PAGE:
In the years since Chrysler’s death, the Museum has dramatically expanded its collection and extended its ties with the Norfolk community. The Museum now has rapidly growing collections, especially of contemporary glass and 21st-century works.
In addition to its main building and Glass Studio, the Chrysler Museum of Art administers the historic Willoughby-Baylor House and the Moses Myers House. The Willoughby-Baylor House currently features an exhibition of iconic paintings from the Museum’s American collection while the main Museum is closed for the renovation. The Moses Myers House, dating from 1792, presents a look into the life of a prosperous early-19th-century merchant and his family, the first permanent Jewish residents of Norfolk. More than 70 percent of the Federal period furnishings and paintings on view are original to the home.
One of Virginia’s oldest and largest cities, Norfolk sits at the intersection of Chesapeake Bay and the Atlantic Ocean, where the largest naval base in the United States and one of the country’s busiest ports have made it a hub of international activity. While Norfolk’s role as a strategic military outpost before and during the Civil War lead to the destruction of much of its antebellum architecture, the Ghent neighborhood surrounding the Chrysler Museum of Art has a large concentration of late-19th-century homes, as well as restaurants and shops. Norfolk supports a range of cultural institutions, among them the Virginia Opera, the Virginia Stage Company, and the Virginia Symphony. One of the city’s most popular cultural events is the annual Virginia Arts Festival, which has brought international performing artists to the city each spring since 1997. The Hampton Roads Naval Museum celebrates Norfolk’s extensive naval history, while the Norfolk Botanical Garden offers a sample of the horticultural abundance for which the region is known. Norfolk is a one-hour drive from historic Colonial Williamsburg and a 30-minute drive from Virginia Beach. Flying time to Norfolk from New York is one hour and 30 minutes, from Boston one hour and 45 minutes, and from Washington less than an hour.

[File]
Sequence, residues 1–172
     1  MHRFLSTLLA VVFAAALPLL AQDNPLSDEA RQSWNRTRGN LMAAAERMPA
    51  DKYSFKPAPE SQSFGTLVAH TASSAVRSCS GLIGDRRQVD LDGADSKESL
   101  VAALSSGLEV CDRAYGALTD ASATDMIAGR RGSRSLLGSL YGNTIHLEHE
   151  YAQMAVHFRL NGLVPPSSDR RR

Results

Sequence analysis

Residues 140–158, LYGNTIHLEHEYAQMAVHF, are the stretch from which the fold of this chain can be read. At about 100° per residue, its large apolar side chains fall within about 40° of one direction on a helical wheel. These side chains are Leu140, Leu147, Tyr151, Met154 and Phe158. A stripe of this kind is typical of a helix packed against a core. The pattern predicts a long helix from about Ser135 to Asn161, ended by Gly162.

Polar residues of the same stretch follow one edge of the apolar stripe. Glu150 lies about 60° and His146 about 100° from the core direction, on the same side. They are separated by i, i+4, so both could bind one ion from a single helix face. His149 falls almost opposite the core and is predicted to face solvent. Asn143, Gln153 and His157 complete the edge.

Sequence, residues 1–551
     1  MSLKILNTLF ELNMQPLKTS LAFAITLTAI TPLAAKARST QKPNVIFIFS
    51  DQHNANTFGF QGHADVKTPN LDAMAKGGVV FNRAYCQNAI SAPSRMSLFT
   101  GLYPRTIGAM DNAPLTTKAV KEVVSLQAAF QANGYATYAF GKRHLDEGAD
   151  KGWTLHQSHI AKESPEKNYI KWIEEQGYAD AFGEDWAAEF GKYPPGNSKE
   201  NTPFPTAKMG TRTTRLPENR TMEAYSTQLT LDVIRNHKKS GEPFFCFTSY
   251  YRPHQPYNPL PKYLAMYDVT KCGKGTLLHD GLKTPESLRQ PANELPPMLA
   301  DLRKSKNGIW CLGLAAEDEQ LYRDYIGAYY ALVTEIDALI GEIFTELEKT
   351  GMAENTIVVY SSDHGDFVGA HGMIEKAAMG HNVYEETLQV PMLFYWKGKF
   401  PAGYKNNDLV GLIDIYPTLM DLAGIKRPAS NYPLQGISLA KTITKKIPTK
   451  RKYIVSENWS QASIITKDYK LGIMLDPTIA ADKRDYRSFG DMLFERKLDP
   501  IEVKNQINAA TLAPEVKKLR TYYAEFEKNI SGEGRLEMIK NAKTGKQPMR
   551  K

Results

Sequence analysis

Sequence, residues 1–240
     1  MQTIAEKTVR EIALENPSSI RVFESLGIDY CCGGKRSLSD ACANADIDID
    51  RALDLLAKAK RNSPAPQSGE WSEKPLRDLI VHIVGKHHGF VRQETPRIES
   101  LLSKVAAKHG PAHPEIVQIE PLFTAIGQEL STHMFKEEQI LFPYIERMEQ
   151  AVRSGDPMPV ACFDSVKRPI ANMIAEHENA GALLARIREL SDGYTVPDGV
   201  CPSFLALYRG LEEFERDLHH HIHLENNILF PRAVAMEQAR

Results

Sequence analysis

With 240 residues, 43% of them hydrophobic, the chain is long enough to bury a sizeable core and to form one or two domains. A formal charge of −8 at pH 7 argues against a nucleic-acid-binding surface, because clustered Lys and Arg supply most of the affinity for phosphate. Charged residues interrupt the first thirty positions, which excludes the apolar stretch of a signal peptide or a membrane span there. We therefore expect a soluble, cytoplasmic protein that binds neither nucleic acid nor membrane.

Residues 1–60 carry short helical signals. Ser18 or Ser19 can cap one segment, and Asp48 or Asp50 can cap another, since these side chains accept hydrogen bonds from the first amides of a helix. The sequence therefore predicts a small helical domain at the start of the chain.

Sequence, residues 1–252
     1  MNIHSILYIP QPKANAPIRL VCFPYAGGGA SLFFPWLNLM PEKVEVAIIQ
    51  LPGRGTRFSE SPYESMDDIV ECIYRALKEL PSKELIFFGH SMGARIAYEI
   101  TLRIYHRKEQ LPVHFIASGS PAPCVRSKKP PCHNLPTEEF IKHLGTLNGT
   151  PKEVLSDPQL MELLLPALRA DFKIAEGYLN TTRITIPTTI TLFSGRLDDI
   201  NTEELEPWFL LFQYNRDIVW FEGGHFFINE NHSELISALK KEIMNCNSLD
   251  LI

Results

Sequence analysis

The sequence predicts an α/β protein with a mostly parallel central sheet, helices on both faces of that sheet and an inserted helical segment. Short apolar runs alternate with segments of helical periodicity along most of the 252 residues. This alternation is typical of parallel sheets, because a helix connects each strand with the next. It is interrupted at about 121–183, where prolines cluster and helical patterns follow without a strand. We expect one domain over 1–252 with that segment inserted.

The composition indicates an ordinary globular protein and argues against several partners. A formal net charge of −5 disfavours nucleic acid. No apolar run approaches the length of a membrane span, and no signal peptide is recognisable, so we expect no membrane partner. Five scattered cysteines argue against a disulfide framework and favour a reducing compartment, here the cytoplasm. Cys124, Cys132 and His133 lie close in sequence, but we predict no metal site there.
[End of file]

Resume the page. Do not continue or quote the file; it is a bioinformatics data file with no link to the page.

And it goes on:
The Chrysler Museum of Art campus is located at 245 West Olney Road, in Norfolk, VA. While the Museum is closed during construction, the Chrysler Museum Glass Studio and its two historic houses are open. The Glass Studio, located at 745 Duke St., Norfolk, is open Wednesday to Sunday with free glass demonstrations at noon. The Willoughby-Baylor House, 601 E. Freemason St., and the Moses Myers House, 323 E. Freemason St., Norfolk are open Wednesday through Sunday from noon to 5 p.m. Admission is free at these venues.
Contact Cindy Mackey